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Negotiating with Yourself?

Published: Jan 07 , 2019
Author: Jill Campen

We all face the New Year with a variety of perspectives – simplify… clarify… amplify… save money… make more money… spend more time exercising… eat healthier… the list goes on and on.  Negotiating with ourselves is a lifelong journey – it never goes away…but we can get better at it.

Whether you call them New Year’s resolutions, goals, personal desires… it is all good stuff.  Our intentions are good… a fresh start… a better year than the last… improvement overall.

Preparing to negotiate with yourself and preparing to negotiate with a customer or a supplier have very similar approaches. We focus on defining the goals and then we work on the mindset and skillset necessary to achieve the desired outcomes.  Seems so simple right? We start with the question “What do you want?”  A question you’ve heard a million times…whether it’s about what you want for dinner, where you want to go on vacation, or what you should wear today.  The thing about this simple question is that it can drive you to tears if you just don’t know the answer to the bigger life questions. Think about these categories in your life:

• Financial
• Career
• Lifestyle
• Health
• Relationships
• Personal

Any good negotiator starts with their objectives, “What do I want?”  We suggest you consider what is a realistic expectation. Think about financial goals… you might want to have a retirement savings of $2M eventually – and currently you have $500K.  Unless you expect a windfall in 2019 – you probably won’t get to that number in one year… but you can define your realistic expectation for financial success in 2019, right? Let’s say your goal is $40K.  Once you have defined this (make sure it is possible – not completely out of reach) then we’d also encourage you to determine what you absolutely must accomplish in this year’s negotiation with yourself on financials.  In this example, let’s say that you must max out your 401K contribution to $19K. Even though that is a long way from your eventual goal of $2M – it is the thing that you must achieve this year and it is something you can discipline yourself to do by making the proper payroll allocations now. From there, you can create a plan for achieving the balance of $40K to achieve this year’s goal.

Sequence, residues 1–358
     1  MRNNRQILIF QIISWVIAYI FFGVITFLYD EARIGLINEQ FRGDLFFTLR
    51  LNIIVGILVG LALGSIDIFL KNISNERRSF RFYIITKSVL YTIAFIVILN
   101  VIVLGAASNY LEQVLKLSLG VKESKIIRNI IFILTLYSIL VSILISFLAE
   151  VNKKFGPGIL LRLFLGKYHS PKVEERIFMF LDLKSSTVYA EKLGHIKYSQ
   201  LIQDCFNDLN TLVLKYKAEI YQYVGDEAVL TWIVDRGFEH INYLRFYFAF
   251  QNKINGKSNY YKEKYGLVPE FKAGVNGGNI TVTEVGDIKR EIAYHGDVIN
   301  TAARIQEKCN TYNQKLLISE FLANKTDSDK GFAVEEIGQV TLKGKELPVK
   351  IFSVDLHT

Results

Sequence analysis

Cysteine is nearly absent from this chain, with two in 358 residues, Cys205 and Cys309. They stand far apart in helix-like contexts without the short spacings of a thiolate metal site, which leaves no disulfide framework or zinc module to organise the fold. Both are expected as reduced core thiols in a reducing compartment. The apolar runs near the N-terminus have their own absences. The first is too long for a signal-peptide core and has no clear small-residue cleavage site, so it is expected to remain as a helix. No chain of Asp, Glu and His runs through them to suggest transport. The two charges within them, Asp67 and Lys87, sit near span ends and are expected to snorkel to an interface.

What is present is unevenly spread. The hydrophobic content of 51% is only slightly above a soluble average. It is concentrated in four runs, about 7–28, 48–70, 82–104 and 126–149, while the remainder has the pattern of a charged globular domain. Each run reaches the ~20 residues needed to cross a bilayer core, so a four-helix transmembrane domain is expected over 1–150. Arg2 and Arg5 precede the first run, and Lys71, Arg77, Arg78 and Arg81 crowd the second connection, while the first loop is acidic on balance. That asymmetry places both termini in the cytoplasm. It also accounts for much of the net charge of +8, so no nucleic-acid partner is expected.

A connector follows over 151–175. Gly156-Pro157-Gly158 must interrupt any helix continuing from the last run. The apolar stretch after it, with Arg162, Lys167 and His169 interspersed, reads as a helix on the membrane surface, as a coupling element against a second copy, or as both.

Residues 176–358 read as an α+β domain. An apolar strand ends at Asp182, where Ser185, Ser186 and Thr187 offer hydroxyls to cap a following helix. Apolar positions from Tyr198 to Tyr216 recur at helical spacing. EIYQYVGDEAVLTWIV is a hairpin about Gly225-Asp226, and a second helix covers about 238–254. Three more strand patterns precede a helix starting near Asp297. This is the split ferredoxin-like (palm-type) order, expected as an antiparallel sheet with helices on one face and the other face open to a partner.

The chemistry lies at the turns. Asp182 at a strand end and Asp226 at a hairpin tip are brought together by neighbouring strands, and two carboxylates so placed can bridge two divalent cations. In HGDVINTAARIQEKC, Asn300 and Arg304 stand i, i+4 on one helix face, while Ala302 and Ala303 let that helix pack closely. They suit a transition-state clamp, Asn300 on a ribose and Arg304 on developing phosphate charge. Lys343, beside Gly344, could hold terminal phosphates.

Some of you are saying to yourself “Oh, come on Jill, this is elementary stuff”.  Uh huh… it is! Our mindset is what trips us up most of the time. We justify our behaviors by saying things to ourselves like: “I just let things happen as they may”, “Goal setting is too restrictive – I am more free-form”, “I set goals and then never follow-through”,  or “I’ll get to it soon”. However, as with any negotiation, if you don’t set a goal then you can’t develop a strategy or a plan for success.

As you negotiate with yourself at this start of the New Year, consider all of the categories and first decide: “What do I want?” As someone once said, “a goal without a plan is just a wish”. Happy New Year!



What Do You Want?

It’s not always an easy question to answer, but it’s certainly an important one if you want a successful negotiation. We can help you answer this question and many others on your path towards success. We can be your advisor, your coach, and your trainer. Whether you bring us in to create your strategy, or help you prepare, or develop your team’s negotiating skills - we can help you win at the negotiating table.

We’ve been consulting and teaching our proven negotiation methodology for over 40 years. We know the process, we can identify the skills required, and we have the techniques to negotiate better deals for you. Call us and let’s discuss what we might be able to do for you.

Talk to one of our experts today.


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When you think about it, it’s some kind of change that moves parties toward the kinds of conflict that often results in the need to negotiate an agreement. Sometimes, the change is self-imposed, for example Clients or customers decide to rationalize their supply chain Sellers decide that concessions made in the past have resulted in agreements that no longer pass the commercial test Changes in personnel or company policy

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